UNIDENTIFIED MALE: The last time this great hospital ship was in New York was in the wake of 9/11.

WATT: A field hospital now in Central Park and fines for those who refuse to social distance.

MAYOR BILL DE BLASIO (D), NEW YORK CITY: The fines are in the range of $250 to $500. That will obviously be a violation, a summons that would be provided. I don't want to see that happen.

WATT: One research organization now projecting New York will reach peak death rate ten days from now at nearly 800 deaths that day. Michigan will peak a day later, California 25 days from now and Virginia not until mid May.

CUOMO: What you see us going through here you will see happening all across this country. There is no American who's immune to this virus.

WATT: In Michigan, confirmed cases exploded from around 50 to nearly 6,500 in two weeks.

FAUCI: We're also worried about Detroit. Detroit is starting to show some signs that they're going to take off.

WATT: State travel restrictions also spreading. Rhode Island now ordering all visitors to self-quarantine. They were just stopping cars with New York plates, and New York state threatened to sue. From noon today, anyone traveling to Texas from these states and cities must self-quarantine for 14 days, hot spots in all these places. And now, it's time we're told, for more rural areas to brace themselves.

DR. DEBORAH BIRX, WHITE HOUSE CORONAVIRUS RESPONSE COORDINATOR: If the metros and the rural areas don't take care now, by the time you see it, it has penetrated your community pretty significantly.

WATT: Louisiana today reporting 485 new cases and 34 deaths. Still, hundreds reportedly attended this church Sunday.

REV. TIMOTHY SPELL, FATHER OF REV. TONY SPELL, LIFE TABERNACLE CHURCH: The church is the most essential thing in all the world.

WATT: The pastor in Florida who once prayed over the president was arrested today for continuing to hold large services.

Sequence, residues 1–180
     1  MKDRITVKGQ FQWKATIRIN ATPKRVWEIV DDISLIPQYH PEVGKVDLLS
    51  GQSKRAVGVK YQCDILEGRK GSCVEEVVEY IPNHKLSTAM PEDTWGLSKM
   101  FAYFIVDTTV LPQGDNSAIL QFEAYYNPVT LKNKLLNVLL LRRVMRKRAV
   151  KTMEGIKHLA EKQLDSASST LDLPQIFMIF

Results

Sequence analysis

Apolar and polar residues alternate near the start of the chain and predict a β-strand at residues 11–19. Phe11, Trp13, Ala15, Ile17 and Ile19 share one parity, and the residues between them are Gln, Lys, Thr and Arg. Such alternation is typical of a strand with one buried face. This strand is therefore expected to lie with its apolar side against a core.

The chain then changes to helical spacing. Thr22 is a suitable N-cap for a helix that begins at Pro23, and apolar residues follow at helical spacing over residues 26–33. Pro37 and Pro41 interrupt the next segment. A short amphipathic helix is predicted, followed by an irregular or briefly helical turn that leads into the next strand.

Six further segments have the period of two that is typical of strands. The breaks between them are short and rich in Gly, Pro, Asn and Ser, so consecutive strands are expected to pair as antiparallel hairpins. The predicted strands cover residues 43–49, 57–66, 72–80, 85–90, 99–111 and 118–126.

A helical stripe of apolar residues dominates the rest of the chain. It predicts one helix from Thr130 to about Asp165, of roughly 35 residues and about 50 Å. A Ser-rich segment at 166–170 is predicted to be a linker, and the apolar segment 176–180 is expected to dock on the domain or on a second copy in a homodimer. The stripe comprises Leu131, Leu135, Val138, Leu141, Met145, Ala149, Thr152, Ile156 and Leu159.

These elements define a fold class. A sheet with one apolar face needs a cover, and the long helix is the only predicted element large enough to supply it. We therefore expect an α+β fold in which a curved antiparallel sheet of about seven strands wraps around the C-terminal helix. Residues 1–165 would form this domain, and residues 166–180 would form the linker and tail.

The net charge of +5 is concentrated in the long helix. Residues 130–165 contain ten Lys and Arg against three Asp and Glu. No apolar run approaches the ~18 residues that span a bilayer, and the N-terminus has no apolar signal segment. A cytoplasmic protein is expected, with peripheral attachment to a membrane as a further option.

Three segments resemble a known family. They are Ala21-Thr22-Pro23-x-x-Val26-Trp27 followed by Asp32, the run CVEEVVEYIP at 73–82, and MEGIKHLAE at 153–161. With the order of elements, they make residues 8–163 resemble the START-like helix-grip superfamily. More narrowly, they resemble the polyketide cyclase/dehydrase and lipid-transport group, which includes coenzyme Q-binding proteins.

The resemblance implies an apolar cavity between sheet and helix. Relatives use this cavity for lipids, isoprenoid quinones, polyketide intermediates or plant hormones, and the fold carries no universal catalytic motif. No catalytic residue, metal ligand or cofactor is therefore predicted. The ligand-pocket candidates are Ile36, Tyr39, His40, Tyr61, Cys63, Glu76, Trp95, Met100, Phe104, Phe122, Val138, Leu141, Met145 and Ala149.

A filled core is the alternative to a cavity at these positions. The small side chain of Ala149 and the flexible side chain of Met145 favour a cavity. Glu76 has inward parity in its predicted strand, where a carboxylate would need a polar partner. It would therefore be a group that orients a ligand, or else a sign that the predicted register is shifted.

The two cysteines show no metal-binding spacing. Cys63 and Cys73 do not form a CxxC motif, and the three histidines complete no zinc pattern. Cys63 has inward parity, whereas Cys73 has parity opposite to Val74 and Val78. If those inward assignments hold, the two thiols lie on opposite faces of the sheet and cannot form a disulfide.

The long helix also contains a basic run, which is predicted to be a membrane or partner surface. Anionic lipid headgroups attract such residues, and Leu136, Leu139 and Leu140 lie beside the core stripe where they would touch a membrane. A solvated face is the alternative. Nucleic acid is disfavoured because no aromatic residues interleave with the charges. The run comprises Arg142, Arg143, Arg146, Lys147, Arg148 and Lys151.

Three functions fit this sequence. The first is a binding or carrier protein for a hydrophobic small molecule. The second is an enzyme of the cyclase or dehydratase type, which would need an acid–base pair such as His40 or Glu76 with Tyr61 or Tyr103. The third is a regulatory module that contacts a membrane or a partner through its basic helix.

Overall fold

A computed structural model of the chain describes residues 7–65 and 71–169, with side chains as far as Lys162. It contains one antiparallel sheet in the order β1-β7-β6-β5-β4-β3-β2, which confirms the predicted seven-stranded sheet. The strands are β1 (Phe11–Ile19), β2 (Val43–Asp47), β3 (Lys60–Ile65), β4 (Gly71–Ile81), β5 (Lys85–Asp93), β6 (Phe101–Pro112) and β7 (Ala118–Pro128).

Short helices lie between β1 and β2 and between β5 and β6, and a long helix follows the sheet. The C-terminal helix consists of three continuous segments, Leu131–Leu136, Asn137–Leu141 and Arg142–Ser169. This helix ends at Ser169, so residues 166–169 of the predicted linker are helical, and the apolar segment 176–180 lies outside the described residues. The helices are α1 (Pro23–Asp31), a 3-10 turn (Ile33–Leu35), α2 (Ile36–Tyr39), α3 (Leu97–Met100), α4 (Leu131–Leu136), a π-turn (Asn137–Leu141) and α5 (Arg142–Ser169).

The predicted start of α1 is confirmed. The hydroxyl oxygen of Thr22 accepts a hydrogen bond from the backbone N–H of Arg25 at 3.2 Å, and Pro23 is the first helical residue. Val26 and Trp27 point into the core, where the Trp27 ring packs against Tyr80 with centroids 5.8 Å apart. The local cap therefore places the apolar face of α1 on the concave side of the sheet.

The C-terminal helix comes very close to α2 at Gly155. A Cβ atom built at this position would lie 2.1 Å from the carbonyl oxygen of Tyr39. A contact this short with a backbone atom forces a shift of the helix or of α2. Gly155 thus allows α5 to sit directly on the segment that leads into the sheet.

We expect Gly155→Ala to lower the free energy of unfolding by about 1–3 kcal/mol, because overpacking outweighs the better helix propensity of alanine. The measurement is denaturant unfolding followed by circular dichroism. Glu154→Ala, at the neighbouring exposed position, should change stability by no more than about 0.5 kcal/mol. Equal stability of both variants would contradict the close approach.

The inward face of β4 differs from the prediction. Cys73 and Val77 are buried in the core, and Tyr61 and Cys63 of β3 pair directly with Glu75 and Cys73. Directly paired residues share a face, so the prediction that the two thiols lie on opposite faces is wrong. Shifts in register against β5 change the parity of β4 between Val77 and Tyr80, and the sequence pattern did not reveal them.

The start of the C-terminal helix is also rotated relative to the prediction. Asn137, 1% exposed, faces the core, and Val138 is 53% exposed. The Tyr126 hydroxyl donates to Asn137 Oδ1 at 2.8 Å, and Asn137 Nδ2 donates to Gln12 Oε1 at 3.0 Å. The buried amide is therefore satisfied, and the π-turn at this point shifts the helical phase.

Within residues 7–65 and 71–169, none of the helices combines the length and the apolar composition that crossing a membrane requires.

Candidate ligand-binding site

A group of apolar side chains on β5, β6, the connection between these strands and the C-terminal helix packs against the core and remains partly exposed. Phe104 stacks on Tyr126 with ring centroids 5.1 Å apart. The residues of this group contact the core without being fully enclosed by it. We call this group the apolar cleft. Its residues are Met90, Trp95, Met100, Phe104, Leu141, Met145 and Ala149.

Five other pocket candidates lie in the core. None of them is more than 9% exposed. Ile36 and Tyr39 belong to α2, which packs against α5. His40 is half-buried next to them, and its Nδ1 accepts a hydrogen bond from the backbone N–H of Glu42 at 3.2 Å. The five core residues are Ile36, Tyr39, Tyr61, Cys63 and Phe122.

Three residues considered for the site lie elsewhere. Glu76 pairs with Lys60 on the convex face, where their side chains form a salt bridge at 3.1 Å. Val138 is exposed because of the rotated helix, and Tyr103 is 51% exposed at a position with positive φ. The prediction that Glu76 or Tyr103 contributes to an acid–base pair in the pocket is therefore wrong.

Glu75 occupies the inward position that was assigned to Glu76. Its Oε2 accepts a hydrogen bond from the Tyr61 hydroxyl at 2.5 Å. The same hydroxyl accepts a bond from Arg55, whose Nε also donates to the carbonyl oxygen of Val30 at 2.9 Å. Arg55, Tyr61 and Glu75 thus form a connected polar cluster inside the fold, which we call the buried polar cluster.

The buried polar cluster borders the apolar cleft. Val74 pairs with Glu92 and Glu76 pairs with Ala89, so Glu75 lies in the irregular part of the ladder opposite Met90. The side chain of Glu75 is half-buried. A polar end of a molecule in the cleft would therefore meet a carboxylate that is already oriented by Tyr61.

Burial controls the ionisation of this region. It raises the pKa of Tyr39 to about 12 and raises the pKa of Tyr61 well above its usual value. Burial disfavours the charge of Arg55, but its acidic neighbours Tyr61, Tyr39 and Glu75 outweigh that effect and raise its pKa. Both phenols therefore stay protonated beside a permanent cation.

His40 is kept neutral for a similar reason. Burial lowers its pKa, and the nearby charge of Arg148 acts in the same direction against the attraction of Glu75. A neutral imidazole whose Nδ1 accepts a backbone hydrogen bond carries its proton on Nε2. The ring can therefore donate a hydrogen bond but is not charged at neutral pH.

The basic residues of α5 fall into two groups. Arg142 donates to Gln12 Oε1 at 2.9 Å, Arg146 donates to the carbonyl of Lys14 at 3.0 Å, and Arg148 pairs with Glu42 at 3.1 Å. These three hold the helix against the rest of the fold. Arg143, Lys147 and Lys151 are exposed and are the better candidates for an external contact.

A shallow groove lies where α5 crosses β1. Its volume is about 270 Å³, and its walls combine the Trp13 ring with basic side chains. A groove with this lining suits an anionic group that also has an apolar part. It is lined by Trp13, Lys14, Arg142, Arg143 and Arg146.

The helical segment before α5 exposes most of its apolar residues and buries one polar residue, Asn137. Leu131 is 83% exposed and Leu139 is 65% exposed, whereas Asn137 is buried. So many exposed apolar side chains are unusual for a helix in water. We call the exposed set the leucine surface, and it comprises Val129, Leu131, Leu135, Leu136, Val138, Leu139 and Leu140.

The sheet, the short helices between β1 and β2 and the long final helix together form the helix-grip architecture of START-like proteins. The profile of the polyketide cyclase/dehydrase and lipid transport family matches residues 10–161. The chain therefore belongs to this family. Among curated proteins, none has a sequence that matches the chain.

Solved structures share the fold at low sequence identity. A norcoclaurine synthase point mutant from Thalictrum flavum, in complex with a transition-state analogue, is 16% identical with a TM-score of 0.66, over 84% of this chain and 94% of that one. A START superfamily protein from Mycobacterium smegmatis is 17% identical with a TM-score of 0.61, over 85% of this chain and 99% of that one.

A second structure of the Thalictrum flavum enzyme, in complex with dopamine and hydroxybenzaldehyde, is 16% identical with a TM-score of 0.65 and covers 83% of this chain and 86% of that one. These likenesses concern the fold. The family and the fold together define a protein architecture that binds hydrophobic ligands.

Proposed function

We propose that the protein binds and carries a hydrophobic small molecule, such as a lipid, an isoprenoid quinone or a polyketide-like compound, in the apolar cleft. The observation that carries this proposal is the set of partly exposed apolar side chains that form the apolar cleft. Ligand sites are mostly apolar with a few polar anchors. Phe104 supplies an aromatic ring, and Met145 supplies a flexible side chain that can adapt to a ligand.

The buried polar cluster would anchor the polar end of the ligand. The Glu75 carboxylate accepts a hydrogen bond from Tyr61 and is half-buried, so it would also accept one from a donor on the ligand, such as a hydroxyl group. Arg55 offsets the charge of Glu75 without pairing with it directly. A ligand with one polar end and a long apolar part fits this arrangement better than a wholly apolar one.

Doctors from the front line begging us all to stay home. DR. RAVI WETTASINGHE, MEDICAL DOCTOR: If you can think of it as your

lungs being filled by fluid, like you're drowning. And once you get to that point where you're drowning, you need a ventilator to stay alive, and we're running out of that equipment for people.

DR. BENJAMIN OBASEKI, MEDICAL DOCTOR: The one that's beeping in the background is a young patient who was presumably healthy before they came in. This is not something that's isolated to the old.

WATT (on camera): Here in the U.S., the federal government doesn't have any domestic travel restrictions in place, but the states are pretty much taking care of that themselves with these mandatory quarantine for people traveling in too many states.

But Monday, I think, a first, Kentucky, the governor has now banned all non-essential travel out of the state. They have a relatively low confirmed case. The governor doesn't want people leaving Kentucky, catching the virus, and then bringing it home.

Nick Watt, CNN, Los Angeles.


CHURCH: And officials in California are asking retired health care workers to come back to work and help fight the virus. So far, more than 3,000 medical professionals have volunteered to help. The city is also turning the Los Angeles Convention Center into a facility. The facility will be used to help patients who have the coronavirus.

Meanwhile, those already on the front lines are being stretched thin. Eighty-six employees from Vanderbilt University Medical Center in Tennessee have tested positive for the virus. And in the Boston area an even bigger number, 345 health care workers have tested positive for COVID-19 across four area hospitals.

Police forces are also struggling. There have been 29 new positive cases in the Chicago Police Department, bringing the total number there to 50. Meanwhile, in New York, two more NYPD officers have died, bringing the total number to five. Nearly 1,000 employees have the virus with more than 5,000 currently out sick.

Louisiana is emerging as a new hot spot for the virus. And scenes like this are not helping.

Authorities say more than 100 people took part in a funeral second line in New Orleans on Saturday. Right now, gatherings of more than one household are banned in the city. An arrest warrant was issued for the organizer who refused to disband a large gathering. New Orleans mayor says his family has since reached out to apologize. The city alone has more than 1,400 coronavirus cases.